Tuesday, 4 March 2014

The Halo is Removed

On Monday March the 3rd, after exactly thirteen weeks, Lucy had her halo removed.

Daddy took her to the hospital while I got her sister to school. I figured I should just about make it to the hospital in time for her to come out of theatre. Thanks to traffic I was five minutes late, and Lucy wasn't happy with me. Not the best of starts, but she soon forgive me.

The removal was quick, probably only took about 20 minutes with her being under anaesthetic. The pin wounds are clean and look like they will heal quickly and well. I was told that with adults they do not bother with a general anaesthetic to remove an halo, but it's better for children because it's less distressing and less risk of the child moving or trying to move while they are taking it off.

I was surprised to see that Lucy's skin looked fine under where the vest had been all this time. You can't wash under the vest, just wipe with a baby wipe or damp flannel. I thought she might have been marked or wrinkly but she just looked normal.

Lucy woke up hungry and the nurse fetched her some toast and squash, which she devoured. She seemed a little quiet at first, which is understandable, but she was soon her smiley self.
At lunch time we were asked if she would like to go to the playroom as they were having party food for lunch. I got Lucy out of bed and took her to the bathroom before dressing her. It seemed strange putting 'normal' clothes on her again. She has put on weight, so it looks like I'll be shopping again. We walked the length of the ward to the playroom and Lucy chose some food. We sat at the table but she said she felt all wobbly and wanted to go back to her bed. I think she was out of bed a total of fifteen minutes. She did eat and drink a little more though.

The nurse caring for Lucy told us that she just had to have an xray, and drink one more glass of squash and she could be discharged. We went for the xray around 3pm by which time Lucy was feeling a little pain and looking pale. The nurse decided to take her in a wheelchair rather than make her walk. By this time I was getting worried that Lucy just wasn't doing as well as we thought. Her head was floppy and she was sticking her chin out, which is something she does when she's in pain. As usual, when asked if she was ok she gave her usual reply, 'I'm fine'

I have to say at this point that Lucy's nurse this day was really brilliant, she was so attentive and told us what was going on all the time. Despite being an incredibly busy day she never left us for more than half an hour and listened to everything we said. So when I told her I was worried that Lucy wasn't acting like herself, she actually listened to me.

The Doctor came around and said Lucy's xray was good and she could go home. He said she should be sitting up though, and not in bed anymore. So I took her out of bed and she sat in the chair watching some tv. Then her nurse came to take her candula out and Lucy started vomiting, everywhere, tons of it. She was crying and complaining of headache, not like Lucy to complain at all so she must have been feeling really rough. The nurse said to put her back in bed and we were to delay going home for a couple of hours at least.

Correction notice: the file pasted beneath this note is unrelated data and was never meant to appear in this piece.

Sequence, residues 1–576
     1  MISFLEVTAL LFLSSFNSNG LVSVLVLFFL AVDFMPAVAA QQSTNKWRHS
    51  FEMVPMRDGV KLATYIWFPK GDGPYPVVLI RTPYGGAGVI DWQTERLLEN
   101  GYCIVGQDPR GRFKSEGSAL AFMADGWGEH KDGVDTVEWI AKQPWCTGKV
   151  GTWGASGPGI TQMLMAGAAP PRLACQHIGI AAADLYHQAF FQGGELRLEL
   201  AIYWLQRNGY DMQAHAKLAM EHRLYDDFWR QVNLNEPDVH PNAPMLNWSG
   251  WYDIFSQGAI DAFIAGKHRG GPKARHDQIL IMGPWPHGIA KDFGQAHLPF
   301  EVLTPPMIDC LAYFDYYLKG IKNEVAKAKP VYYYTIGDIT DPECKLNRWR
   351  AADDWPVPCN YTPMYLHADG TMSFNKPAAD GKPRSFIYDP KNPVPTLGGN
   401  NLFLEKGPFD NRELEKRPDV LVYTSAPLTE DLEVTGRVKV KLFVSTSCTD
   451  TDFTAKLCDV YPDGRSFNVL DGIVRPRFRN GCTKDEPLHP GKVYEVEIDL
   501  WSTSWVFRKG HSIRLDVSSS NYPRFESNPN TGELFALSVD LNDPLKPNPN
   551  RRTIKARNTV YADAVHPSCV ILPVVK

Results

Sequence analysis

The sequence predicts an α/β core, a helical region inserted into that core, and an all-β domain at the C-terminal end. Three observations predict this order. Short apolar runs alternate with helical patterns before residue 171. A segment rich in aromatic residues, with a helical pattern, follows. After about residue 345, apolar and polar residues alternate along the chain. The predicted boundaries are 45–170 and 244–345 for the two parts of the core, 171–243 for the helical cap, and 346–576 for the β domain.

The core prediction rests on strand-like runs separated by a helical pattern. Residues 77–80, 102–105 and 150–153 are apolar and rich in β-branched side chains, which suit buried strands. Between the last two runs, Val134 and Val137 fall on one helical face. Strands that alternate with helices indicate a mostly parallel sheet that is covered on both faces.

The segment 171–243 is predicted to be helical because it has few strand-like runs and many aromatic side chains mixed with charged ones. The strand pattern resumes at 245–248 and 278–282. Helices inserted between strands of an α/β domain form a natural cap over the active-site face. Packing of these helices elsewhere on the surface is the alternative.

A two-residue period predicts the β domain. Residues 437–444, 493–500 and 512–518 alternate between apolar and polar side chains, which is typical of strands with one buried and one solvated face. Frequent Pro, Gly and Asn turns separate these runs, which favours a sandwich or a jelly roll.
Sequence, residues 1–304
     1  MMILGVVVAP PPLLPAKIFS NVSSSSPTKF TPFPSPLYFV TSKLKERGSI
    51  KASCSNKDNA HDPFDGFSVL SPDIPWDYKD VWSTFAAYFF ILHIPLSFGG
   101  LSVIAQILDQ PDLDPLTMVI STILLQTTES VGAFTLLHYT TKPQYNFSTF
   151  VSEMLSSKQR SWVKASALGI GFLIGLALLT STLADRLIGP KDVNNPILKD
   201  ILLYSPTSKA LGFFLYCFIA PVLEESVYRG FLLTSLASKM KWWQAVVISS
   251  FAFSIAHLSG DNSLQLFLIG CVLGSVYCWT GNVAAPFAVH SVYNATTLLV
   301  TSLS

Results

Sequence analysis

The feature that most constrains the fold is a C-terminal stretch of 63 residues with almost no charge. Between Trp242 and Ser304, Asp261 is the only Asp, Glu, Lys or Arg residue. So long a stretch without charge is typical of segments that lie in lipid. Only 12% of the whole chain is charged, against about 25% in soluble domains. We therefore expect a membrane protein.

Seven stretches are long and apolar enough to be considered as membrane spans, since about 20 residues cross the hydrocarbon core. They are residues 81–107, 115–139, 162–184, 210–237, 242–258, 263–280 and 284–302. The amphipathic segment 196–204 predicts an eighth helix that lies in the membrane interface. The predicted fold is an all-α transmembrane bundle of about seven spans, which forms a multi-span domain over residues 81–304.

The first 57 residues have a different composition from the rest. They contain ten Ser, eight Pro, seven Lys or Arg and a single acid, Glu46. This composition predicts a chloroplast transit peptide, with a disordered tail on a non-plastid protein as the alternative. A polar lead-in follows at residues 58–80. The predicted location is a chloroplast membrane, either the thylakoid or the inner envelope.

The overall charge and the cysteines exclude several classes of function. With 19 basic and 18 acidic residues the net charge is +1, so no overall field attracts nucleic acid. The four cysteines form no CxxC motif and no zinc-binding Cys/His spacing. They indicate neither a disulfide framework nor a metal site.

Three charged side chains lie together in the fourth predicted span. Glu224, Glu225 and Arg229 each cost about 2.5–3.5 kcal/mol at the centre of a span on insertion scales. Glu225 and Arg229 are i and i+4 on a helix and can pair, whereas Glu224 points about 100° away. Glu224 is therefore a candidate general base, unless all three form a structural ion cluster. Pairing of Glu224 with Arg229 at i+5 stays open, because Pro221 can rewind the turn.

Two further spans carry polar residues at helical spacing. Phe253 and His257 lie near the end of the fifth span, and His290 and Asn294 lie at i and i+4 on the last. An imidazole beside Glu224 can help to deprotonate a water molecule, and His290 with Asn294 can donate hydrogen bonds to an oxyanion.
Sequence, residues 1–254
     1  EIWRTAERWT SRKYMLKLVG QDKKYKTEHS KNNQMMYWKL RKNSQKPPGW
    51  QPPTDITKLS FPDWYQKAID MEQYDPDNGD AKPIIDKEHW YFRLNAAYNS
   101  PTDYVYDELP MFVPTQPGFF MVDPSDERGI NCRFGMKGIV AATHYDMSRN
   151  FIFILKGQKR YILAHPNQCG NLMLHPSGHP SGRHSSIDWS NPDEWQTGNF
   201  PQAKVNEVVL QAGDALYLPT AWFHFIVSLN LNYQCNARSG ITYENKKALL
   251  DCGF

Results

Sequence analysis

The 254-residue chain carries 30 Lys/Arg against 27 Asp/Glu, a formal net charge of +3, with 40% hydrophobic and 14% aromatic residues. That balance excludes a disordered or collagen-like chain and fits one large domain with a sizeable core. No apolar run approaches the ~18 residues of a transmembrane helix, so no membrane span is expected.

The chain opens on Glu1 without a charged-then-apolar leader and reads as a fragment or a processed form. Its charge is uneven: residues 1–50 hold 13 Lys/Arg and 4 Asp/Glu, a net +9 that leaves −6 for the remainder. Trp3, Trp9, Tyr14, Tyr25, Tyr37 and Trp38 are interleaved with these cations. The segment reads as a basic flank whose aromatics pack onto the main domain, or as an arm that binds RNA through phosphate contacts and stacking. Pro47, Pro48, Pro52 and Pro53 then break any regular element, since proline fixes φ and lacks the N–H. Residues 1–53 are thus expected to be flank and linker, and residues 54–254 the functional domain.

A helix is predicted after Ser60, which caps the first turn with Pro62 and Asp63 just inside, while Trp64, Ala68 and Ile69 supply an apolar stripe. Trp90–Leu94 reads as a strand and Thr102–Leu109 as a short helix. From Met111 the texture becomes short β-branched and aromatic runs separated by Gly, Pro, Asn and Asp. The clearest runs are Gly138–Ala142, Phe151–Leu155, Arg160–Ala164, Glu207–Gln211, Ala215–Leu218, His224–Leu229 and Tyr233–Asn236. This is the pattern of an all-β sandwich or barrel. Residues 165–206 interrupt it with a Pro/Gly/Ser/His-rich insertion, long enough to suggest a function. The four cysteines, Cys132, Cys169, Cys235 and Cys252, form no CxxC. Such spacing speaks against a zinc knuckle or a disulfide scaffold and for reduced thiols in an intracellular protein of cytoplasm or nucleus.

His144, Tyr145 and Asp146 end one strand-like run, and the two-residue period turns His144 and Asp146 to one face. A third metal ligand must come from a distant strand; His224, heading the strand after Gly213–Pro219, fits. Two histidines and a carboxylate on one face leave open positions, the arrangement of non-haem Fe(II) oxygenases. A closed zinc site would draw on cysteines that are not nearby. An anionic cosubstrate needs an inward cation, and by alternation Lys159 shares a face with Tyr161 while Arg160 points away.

Thankfully, Lucy wasn't sick again, and after a dose of medicine her headache cleared up and she regained some colour. She was refusing to eat anything, scared of being sick again. The nurse said she'd be happy if she just kept a cup of squash down.

At 7pm Lucy had perked up a little, she'd kept her squash down and was talking to me again. The Dr came and said it was ok for her to go home, so the nurse finished the paperwork and we got ready and left to spend the night in our own beds.

As we were leaving the ward, literally just about to go through the door, Lucy's consultant was just coming in and he saw Lucy and said 'no, no, no' My heart sank, I thought he meant he wanted her to stay in. He took off her coat and then the collar and carefully straightened her neck before putting the collar back on. Her neck flopped again. He said 'the xrays were good, her bones are straight, but they will come out of place again if she can't keep her neck straight. The collar she has is not strong enough to hold her neck straight, and Lucy's tendons are not strong enough. I'm not sure what is going to happen, but we have to keep telling her to straighten up and keep our fingers crossed that we can buld up strength in her neck to hold her head up again. She can't start physio for two weeks as it's too risky, so it's going to be down to us and Lucy to try and keep her neck in place.

We have been referred to a rhuematologist for Lucy's hypermobility. I want to know if it's her loose tendons that caused the slipped discs in the first place. I also want to know if it can be prevented from happening again. My biggest fear now is that it can't be prevented and Lucy has what is known as cranial instability...i.e. her neck isn't strong enough to hold her head. Only time, and the doctors, will be able to tell.

Is it ironic that the hospital uses zebra wristbands?

1 comment:

  1. She is an absolutely hero! What a superstar :) We are have BJHS and gut disease plus other issues and are currently being considered for EDS. So hard. Thankfully not as severe as your little Zebra. xxx